The food down south, fierce and fiery, is renowned even amongst Thais for its spiciness. That includes yellow curries, and of course, seafood, a welcome addition for us semi-vegetarians quickly backsliding into ovo-lacto-chicketarianism.

    Then there are the sweets, similar to the rest of Thailand, and heavily based on the use of coconut, or at least the ‘milk’ (not to be confused with the ‘water’). This is native to the south, of course, and likely the point of dissemination toward the north, along with much of ‘Thai’ cuisine, curries originally from Malaysia, Indonesia, and the Indian sub-continent, in my theory, at least.

    Thai southern sweets: Trang, Thiland

    Thai southern sweets: Trang, Thiland

    There is also ‘Muslim food’, which is really not so much different, to be honest, and which I take to be vindication of my theory of southern origins. Still they make a distinction in numerous eateries, mostly in the oldest part of town. You won’t find pork, there, though, that’s for sure, and that’s the main difference.

    BTW be careful with the coconut milk. Over-indulgence can have a constipatory effect, as I found out the hard way years ago during a brief love affair with sticky rice and mango. That’s a triple whammy I don’t want to repeat.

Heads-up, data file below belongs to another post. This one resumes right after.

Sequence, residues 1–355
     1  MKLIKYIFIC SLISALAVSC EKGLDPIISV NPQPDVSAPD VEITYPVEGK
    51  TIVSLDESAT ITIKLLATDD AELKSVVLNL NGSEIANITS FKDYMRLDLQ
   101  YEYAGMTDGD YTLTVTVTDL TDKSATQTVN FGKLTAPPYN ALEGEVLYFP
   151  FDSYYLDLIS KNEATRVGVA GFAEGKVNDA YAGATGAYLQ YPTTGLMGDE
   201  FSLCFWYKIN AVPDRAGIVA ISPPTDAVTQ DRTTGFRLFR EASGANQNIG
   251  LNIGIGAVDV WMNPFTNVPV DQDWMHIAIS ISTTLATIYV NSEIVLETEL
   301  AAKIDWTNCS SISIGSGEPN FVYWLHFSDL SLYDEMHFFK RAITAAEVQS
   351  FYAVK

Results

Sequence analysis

Enjoy.

     
  • hardie karges 12:22 pm on December 26, 2013 Permalink | Reply
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    Christmas in Thailand, Part 3: Songkhla 

    Fishing village near Songkhla, Thailand

    Fishing village near Songkhla, Thailand

     I haven’t been in Songkhla in a dozen or so years, so jumped at the chance to put it back in the itinerary. After successively postponing and/or canceling trips to Bhutan and Burma, I was left with a hole in my schedule, so this fits the bill nicely. It’s different. Normally when you think of southern Thailand, you think of tourist mega-resorts like upscale Phuket or backpacker havens Koh Samui, Pha Ngan or Tao. Then there are Koh Lanta, Krabi, Phi Phi, and countless others.